Peter Fogel

Peter Fogel stars in “My Mother’s Italian, My Father’s Jewish & The Therapy Continues.”

Peter Fogel wants to give Phoenicians a laugh heading into 2022.

The pandemic has made it feel like “two years that everyone lost their lives,” he said. “People are looking to laugh. They got to get back to their lives.”

Fogel is the star of “My Mother’s Italian, My Father’s Jewish & The Therapy Continues,” which began a four-week run at the Herberger Theater Center Dec. 29. The final show will be Jan. 30. 

The one-man comedy is a sequel to “My Mother's Italian, My Father's Jewish & I'm in Therapy,” which was staged last in Phoenix in 2018. Fogel plays 25 different characters in each show.

Steve Solomon wrote the play based on his experience, and hand-picked Fogel to play him and his family members.

“This is a hysterical piece of comedy, in which the audience feels my chaos. The audience gets my frustration,” Solomon said. “Ninety-nine percent of the people just walk out of there wiping tears from their eyes. They love it.”

Solomon was born in a Jewish-Italian household. The premise is that his parents are getting older, they’re hard of hearing, they bicker, and generally “drive him crazy,” Fogel said, as do his ex-wife and his kids. The comedy of the play builds from that foundation.

The original production featured Fogel, as Solomon, going in for a therapy session. The therapist is late so he ends up talking to the audience as if they’re his therapist.

In the sequel, Fogel, as Solomon, is stuck at the airport in Atlanta in the middle of a snow storm. He wasn’t able to make Chanukah, Christmas or New Year’s Eve celebrations with his family, and he’s trying to get back to Miami for a family birthday, but all the flights are canceled. “We keep it updated with what’s going on with Covid,” Fogel said. 

He can’t get home and the same problematic, yet amusing, family showcased in the first play makes him feel guilty. Speaking with his parents on the phone turns into a frustrating – yet funny – exercise in repetition and correction, as he says one thing but his parents hear something else.

“The audience is laughing at the human condition of having aging parents, which every Baby Boomer can relate to,” Fogel said.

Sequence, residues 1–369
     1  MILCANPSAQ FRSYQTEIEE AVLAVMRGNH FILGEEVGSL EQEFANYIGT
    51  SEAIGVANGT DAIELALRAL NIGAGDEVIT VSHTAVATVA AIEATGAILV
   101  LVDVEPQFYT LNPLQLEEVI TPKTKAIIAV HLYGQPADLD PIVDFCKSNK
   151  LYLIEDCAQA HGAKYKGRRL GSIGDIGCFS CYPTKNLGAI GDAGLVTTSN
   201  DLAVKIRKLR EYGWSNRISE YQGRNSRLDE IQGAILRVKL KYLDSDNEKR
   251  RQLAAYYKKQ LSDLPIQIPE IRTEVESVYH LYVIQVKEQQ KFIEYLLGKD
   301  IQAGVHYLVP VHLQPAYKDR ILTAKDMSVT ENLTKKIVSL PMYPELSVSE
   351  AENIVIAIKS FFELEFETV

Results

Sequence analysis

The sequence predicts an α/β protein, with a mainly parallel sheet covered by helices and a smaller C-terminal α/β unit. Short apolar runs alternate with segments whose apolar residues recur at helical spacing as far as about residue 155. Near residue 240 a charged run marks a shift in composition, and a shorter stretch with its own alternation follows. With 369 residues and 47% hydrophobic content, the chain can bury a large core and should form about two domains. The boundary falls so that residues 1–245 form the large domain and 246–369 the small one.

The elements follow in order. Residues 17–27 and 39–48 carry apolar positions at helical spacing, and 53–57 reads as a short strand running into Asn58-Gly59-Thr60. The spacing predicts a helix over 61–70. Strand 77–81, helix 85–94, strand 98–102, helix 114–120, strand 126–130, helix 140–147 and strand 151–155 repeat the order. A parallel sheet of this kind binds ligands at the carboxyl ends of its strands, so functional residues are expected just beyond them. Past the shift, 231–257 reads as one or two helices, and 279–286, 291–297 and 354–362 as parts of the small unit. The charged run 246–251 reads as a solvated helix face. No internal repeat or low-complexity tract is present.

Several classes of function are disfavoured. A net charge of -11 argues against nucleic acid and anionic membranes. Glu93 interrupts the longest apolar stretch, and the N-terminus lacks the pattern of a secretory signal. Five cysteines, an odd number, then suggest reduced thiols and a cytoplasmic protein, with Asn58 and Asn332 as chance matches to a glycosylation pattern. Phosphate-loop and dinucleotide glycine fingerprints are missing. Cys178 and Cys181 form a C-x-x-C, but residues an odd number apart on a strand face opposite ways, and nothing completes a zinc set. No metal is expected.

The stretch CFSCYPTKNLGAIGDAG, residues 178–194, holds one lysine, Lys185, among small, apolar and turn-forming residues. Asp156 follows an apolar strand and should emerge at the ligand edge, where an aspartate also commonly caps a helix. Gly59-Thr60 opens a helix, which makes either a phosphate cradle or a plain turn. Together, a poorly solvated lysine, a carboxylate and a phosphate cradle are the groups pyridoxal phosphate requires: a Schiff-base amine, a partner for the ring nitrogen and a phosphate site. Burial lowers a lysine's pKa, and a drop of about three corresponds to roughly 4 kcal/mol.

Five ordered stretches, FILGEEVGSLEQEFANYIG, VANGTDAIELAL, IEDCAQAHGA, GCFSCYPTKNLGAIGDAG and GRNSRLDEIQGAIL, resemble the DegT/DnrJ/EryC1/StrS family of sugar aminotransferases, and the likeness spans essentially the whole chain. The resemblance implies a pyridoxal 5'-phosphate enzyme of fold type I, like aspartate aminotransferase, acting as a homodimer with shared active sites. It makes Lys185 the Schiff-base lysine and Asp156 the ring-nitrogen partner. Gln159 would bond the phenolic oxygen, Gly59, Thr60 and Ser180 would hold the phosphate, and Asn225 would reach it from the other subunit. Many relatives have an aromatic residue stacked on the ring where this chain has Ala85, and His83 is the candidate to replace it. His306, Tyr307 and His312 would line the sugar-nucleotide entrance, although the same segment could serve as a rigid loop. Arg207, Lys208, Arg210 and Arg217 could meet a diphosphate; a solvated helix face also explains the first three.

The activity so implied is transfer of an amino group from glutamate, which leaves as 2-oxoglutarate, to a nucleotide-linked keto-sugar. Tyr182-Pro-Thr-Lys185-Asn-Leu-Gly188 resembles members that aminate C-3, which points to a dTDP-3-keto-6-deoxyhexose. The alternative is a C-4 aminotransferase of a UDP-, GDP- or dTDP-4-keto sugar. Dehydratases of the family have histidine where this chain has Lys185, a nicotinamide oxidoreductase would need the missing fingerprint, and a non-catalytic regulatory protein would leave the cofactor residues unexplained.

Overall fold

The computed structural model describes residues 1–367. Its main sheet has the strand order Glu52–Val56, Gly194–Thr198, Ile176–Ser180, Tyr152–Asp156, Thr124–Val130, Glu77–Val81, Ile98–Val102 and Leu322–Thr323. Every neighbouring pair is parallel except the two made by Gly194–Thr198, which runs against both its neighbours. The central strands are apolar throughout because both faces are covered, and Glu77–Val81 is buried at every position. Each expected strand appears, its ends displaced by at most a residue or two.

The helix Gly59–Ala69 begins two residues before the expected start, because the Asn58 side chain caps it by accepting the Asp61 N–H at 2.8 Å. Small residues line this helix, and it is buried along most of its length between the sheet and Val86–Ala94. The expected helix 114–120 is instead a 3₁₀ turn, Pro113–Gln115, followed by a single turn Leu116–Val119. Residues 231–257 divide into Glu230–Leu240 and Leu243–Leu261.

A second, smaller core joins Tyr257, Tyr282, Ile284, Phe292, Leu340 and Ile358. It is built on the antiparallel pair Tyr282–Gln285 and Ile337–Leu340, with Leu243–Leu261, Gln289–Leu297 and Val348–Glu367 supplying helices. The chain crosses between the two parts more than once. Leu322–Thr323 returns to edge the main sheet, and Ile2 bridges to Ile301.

And, Solomon said, audiences can relate to many of the characters in the play. People recognize “old, grumpy people whether they’re Jewish or Italian,” Solomon said. “My shows are not politically correct, but they're a hit. After 9,000 performances, we must be doing something right.”

The original show launched in 2002, while the sequel hit theaters around 2010, Solomon said. Its current run at the Herberger Theater is only its second time in Phoenix in nine years. 

Philip Roger Roy, the show’s producer, said the sequel has been scheduled to run in the winter since 2020, but got postponed “when the great plague descended upon us.” 

Roy, producer and president of LeRoy Associates, Inc., said Phoenix is one of his best markets.

Solomon and Fogel said the show changes with the times and has been updated to reflect the current realities of COVID and technology. But the soul of the show has stayed the same. 

“My parents are my parents. My family is my family. Twenty years ago and today – it’s the same thing,” Solomon said. 

Solomon said he, too, hopes the play gives audiences a good laugh and a mental escape from the pandemic.

The Herberger Theater requires all guests, staff and volunteers to wear a mask or face covering at all times while indoors regardless of vaccination. The production is requiring proof of vaccination or a negative COVID test within 72 hours of show time. 

“Sometimes I look down and I see a sea of masks and I think I’m in an ICU,” Fogel joked, also noting that he appreciates the masking policy. When he talks to audience members after the show he, too, wears a mask. 

 “People are coming out. They're laughing – it's a challenge when they're wearing masks, but I still hear them.” JN

“My Mother’s Italian, My Father’s Jewish & The Therapy Continues,” runs from December 29 to January 30. Show times are Wednesday at 7 p.m., Thursday at 2 and 7 p.m., Friday at 8 p.m., Saturday at 2 and 8 p.m. and Sunday at 2 p.m. Ticket prices range from $56.50 to $68.50. Tickets are available at the Herberger Theater Box Office, (602) 252-8497 or herbergertheater.org